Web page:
» Sports » As temperatures rise in Melbourne, players find it 'risky'

As temperatures rise in Melbourne, players find it 'risky'

January 18, 2018 22:57 IST
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Monfils told chair umpire he was 'about to collapse' at one point 

'It’s a bit risky. I‘m telling you, I was dying on the court for 40 minutes'

Gael Monfils

IMAGE:  Gael Monfils cools down between games in his second round match against Novak Djokovic on Thursday. Photograph: Michael Dodge/Getty Images

Gael Monfils said playing Novak Djokovic in temperatures of 40 degrees Celsius on Thursday was a ‘risk’ to health and that the 25-second rule between points should have been relaxed.


His second-round clash with the six-times Australian Open champion on Rod Laver Arena, just as on all the other courts, continued in furnace-like conditions as organisers decided it was not necessary to implement its heat rule.

Monfils told the chair umpire he was 'about to collapse' at one point during his four-set defeat and needed the assistance of the doctor, while both players used ice towels in a bid to cool down during changeovers.

The 31-year-old Frenchman’s biggest gripe though was that the 25-second rule between points was being too rigidly enforced considering the extreme conditions.

”It was tough to breathe,“ he told reporters. ”For sure, we took risk. At one stage I said to the chair umpire that the 25-second rule, there’s no need."

Gael Monfils

IMAGE: Gael Monfils of France reacts. Photograph: Thomas Peter/Reuters

”Definitely it squeezes you, because it puts you under so much pressure with the heat, then you rush. Honestly, I played two sets out of breath, for nothing, just to please the official."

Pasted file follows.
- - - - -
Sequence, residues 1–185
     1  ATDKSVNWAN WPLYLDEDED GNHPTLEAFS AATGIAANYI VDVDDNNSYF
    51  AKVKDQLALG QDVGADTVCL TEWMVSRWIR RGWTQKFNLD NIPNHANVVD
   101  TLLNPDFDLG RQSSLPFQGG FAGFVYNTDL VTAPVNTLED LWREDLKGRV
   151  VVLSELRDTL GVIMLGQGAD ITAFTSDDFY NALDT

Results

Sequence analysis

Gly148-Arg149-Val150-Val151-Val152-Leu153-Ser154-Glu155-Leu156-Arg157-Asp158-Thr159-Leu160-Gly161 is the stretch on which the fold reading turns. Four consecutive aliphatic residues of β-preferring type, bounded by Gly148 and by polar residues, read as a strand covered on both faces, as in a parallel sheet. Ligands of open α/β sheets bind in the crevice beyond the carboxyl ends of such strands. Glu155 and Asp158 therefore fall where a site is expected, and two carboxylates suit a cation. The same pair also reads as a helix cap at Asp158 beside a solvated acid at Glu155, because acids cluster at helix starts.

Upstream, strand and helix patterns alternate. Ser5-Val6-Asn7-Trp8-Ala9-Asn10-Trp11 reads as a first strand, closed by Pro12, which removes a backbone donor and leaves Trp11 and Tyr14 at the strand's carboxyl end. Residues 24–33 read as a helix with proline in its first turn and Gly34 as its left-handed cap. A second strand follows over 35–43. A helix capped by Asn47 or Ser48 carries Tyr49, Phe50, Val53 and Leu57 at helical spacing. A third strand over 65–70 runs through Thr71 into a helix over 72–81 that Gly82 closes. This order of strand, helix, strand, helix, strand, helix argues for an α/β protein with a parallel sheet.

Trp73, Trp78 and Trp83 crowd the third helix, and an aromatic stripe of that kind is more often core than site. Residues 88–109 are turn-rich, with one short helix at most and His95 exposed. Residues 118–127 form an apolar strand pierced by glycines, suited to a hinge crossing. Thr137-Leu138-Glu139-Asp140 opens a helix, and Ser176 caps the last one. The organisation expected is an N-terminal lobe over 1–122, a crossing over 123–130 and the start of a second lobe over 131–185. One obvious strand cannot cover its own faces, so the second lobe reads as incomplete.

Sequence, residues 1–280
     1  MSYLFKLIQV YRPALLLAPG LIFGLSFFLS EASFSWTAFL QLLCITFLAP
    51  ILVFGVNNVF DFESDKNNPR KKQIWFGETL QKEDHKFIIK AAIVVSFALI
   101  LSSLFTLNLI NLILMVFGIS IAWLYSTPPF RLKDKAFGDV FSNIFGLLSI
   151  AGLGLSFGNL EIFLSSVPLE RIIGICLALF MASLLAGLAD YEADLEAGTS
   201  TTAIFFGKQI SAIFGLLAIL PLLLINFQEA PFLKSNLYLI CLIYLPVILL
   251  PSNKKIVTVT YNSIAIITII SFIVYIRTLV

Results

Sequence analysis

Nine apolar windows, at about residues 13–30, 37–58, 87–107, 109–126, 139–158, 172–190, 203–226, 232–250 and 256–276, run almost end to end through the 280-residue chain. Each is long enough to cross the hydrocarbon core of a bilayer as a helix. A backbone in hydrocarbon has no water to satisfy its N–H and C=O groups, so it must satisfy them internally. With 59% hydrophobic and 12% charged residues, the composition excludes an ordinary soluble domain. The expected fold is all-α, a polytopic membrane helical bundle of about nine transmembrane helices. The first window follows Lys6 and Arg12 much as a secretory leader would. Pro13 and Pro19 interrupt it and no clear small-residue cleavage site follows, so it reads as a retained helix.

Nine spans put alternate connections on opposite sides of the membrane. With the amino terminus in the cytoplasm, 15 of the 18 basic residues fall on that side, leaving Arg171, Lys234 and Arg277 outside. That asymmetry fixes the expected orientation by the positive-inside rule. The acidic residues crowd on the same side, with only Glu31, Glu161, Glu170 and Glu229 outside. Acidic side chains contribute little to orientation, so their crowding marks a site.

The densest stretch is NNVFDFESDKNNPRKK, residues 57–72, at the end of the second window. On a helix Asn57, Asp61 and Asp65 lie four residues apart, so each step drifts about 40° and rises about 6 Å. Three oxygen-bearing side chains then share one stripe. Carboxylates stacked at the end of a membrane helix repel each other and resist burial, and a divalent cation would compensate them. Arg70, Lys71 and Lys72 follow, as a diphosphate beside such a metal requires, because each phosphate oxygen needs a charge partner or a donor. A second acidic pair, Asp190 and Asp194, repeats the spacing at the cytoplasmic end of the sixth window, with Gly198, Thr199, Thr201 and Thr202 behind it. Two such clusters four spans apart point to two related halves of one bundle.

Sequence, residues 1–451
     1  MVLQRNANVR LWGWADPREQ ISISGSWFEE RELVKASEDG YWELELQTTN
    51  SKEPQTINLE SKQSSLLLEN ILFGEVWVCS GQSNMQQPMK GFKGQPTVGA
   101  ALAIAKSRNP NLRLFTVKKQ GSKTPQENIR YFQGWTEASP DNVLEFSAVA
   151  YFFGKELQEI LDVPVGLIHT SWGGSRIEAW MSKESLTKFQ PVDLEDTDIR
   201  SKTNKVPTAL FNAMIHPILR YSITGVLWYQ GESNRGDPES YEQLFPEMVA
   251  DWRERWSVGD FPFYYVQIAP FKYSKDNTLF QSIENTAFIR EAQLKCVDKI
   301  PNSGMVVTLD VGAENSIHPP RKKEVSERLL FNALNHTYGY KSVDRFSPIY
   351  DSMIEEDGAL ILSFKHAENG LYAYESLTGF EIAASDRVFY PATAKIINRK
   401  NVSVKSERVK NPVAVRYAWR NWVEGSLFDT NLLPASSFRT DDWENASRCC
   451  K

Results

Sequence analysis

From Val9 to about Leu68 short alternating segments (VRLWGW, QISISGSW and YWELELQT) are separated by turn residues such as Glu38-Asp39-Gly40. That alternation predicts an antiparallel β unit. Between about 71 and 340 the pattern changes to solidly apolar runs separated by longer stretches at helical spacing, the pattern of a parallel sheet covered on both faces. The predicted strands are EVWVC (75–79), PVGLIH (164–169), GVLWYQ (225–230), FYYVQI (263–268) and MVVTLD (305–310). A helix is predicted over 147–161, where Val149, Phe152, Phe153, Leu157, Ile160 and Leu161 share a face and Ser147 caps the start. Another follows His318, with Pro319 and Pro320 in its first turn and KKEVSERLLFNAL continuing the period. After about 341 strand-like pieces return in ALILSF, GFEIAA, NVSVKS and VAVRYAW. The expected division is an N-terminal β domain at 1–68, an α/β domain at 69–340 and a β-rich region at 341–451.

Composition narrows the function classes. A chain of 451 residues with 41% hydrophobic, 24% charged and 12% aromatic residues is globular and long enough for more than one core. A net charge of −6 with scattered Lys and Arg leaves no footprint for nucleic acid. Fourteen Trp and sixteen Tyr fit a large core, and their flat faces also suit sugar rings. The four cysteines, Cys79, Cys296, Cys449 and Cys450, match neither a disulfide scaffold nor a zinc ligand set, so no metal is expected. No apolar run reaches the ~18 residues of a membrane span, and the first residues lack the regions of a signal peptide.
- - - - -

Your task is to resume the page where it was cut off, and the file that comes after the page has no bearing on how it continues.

“So at the end, it’s a bit risky. I‘m telling you, I was dying on the court for 40 minutes.”

Had the temperature reached 40 degrees and Wet Bulb Globe (humidity) reading exceeded 32.5 degrees, organisers would have stopped play on the outside courts and the roofs closed on the three main courts to provide shade.

However, humidity was not a major factor.

Monfils said he did not ask for the roof to be closed but suggested there could have been a short delay.

“Maybe not the roof because the fittest wins, and I think that is fair enough,” he said.

Novak Djokovic

IMAGE: Serbia's Novak Djokovic has a drink during a break in his match against France's Gael Monfils on Thursday. Photograph: Thomas Peter/Reuters

Djokovic, who was given a time warning in the fourth set, said playing conditions had been right on the limit but was reluctant to criticise umpire John Blom.

“I got a time violation today, and didn’t say anything,” the Serbian 12-time Grand Slam champion told reporters.

”The chair umpire in the next changeover was trying to justify why he gave me a time violation. He did give me the pre-warning today. I have nothing to say. I respect that."

“It’s not easy also for him to sit out there and kind of control both players.”

Three-time former Australian Open champion Mats Wilander, working for Eurosport as a commentator, rejected suggestions that organisers should have shut the roof.

”No way should they have put the roof on,“ the Swede told Reuters. ”Two choices, either play or don’t play."

”I don’t think today was (that bad). Juan Martin del Potro didn’t have a problem. I think it’s more a problem for players who don’t have options and variety in their game.

”Someone like Monfils who doesn’t like to come forward and finish points at the net, he will suffer more. Is it unfair?"

”You watch Roger Federer in this heat and you wouldn’t be able to tell the difference."

“Today was borderline. But players are the fittest people around, it’s more for the spectators and ball kids.”

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